Birthing Justice disproves these harmful narratives, revealing how inequitable systems and structures have resulted in racial injustices in maternal and infant health. The film shows how we can come together to end this national tragedy by supporting policy solutions that provide Black mothers with resources that allow them to make informed decisions for themselves and their families.
We encourage you to consider the courage and resilience of the interviewees sharing their stories.
Admittedly, it can be very uncomfortable to have discussions about mortality, racism, and reproductive health. Many of us may feel defensive or not heard when we have these conversations. We understand that.
We also know that open and respectful dialogue allows us to grow as individuals and as a community. Most people have long held and often distorted views about race, racism, mothers, and Black women, so it is important to be open to hearing different perspectives and experiences.
As community members, we share many of the same values: family, health, fairness, and justice. A willingness to have these uncomfortable conversations ensures that everyone experiences the ideals behind these values. We encourage you to enter the discussion about Birthing Justice with an open mind and an eagerness to share your experiences with others who may benefit from watching the film.
We want to acknowledge that the film presents sensitive subject matter, particularly for those who have experienced birth trauma and their families.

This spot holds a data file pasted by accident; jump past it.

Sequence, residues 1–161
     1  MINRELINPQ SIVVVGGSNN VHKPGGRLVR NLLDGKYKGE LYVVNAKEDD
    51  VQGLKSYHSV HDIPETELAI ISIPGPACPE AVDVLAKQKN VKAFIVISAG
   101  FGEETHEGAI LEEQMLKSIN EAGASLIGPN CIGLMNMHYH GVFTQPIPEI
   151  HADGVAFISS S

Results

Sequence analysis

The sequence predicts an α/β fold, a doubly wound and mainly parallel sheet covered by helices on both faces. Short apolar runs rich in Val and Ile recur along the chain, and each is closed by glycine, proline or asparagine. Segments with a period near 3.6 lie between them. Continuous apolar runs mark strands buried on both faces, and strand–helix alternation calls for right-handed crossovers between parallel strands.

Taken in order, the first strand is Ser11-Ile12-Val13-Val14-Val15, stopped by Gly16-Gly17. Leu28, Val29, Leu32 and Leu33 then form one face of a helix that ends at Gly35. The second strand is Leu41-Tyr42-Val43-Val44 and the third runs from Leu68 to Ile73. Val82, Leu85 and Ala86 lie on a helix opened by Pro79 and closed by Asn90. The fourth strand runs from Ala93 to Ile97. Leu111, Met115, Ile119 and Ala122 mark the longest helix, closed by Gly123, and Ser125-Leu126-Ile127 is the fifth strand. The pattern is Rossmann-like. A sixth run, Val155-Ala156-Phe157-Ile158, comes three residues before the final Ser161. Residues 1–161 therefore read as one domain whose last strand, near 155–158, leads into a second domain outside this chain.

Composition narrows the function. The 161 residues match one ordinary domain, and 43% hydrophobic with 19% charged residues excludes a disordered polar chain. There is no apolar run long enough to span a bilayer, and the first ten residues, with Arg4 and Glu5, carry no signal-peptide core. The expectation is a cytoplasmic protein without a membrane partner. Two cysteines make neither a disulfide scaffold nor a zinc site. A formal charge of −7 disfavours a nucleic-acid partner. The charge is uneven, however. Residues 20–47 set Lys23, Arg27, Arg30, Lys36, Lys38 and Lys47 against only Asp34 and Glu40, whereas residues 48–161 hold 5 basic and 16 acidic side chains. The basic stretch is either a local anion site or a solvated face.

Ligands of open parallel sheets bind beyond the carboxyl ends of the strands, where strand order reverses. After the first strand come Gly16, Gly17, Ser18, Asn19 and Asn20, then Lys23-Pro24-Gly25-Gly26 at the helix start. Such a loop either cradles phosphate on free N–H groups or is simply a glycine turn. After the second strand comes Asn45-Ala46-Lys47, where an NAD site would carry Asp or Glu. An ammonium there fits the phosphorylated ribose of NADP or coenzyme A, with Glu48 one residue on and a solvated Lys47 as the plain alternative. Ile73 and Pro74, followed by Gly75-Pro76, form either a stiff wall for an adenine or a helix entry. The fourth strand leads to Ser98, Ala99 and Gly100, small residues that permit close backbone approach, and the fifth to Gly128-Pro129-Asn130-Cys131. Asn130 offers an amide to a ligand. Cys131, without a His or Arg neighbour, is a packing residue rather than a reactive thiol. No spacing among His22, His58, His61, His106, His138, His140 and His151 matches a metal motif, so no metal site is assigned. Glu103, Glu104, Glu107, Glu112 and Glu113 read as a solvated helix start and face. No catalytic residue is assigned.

- How did the film challenge your previously held perceptions about Black mothers, reproductive health, or the medical industry?
- What kinds of stereotypes or media representations have you seen about Black mothers before watching Birthing Justice?
- How do you think those stereotypes and/or media representations have impacted the outcomes discussed in the film?
- Were you surprised to learn that all Black mothers, including well-educated and financially secure ones, and even famous women, can experience racism in maternal health?
- Why do you think there is unequal access to medical services? How might the history of the medical profession and systemic racism explain these inequities?
- How do you think we can eliminate bias in our healthcare system?
- What are ways that health care institutions can be held accountable in providing Black women and birthing people with respectful maternity care?
- What do you think the impact of anti-abortion laws will be on people who are living in poverty? How do you think we should prepare medical professionals for these situations?
- How might you support Black women and birthing people in accessing resources about midwives, doulas, and other providers who embrace holistic healthcare practices?
- I relate most with [someone from film] . . .
- This documentary made me feel . . .
- Healthcare in this country should be . . .
- Black women and birthing people deserve . . .
It is important to also discuss legislative solutions for our nation’s Black maternal health crisis. For example, members of Congress have been considering a 12-month postpartum Medicaid coverage package that would offer significant support to low-income Black mothers. This, along with the Black Maternal Health Momnibus Act, would provide essential coverage for Black birthing people.